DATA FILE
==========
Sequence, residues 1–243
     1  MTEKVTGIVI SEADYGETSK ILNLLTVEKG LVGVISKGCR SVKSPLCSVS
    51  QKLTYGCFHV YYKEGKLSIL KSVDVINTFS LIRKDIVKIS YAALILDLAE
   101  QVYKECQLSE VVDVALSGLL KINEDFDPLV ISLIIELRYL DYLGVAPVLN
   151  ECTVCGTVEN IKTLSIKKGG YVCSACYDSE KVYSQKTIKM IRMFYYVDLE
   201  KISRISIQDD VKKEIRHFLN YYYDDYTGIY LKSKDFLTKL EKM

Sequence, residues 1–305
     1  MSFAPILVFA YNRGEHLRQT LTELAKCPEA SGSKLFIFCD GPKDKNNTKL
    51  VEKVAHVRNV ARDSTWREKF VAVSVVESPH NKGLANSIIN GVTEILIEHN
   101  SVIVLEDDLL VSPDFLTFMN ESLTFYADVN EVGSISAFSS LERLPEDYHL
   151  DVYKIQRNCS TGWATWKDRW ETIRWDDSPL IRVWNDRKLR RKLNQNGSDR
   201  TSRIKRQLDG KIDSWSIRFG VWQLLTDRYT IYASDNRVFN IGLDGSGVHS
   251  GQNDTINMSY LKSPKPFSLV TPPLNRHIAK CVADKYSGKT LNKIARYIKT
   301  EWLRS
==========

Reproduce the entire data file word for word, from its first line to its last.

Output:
Sequence, residues 1–243
     1  MTEKVTGIVI SEADYGETSK ILNLLTVEKG LVGVISKGCR SVKSPLCSVS
    51  QKLTYGCFHV YYKEGKLSIL KSVDVINTFS LIRKDIVKIS YAALILDLAE
   101  QVYKECQLSE VVDVALSGLL KINEDFDPLV ISLIIELRYL DYLGVAPVLN
   151  ECTVCGTVEN IKTLSIKKGG YVCSACYDSE KVYSQKTIKM IRMFYYVDLE
   201  KISRISIQDD VKKEIRHFLN YYYDDYTGIY LKSKDFLTKL EKM

Sequence, residues 1–305
     1  MSFAPILVFA YNRGEHLRQT LTELAKCPEA SGSKLFIFCD GPKDKNNTKL
    51  VEKVAHVRNV ARDSTWREKF VAVSVVESPH NKGLANSIIN GVTEILIEHN
   101  SVIVLEDDLL VSPDFLTFMN ESLTFYADVN EVGSISAFSS LERLPEDYHL
   151  DVYKIQRNCS TGWATWKDRW ETIRWDDSPL IRVWNDRKLR RKLNQNGSDR
   201  TSRIKRQLDG KIDSWSIRFG VWQLLTDRYT IYASDNRVFN IGLDGSGVHS
   251  GQNDTINMSY LKSPKPFSLV TPPLNRHIAK CVADKYSGKT LNKIARYIKT
   301  EWLRS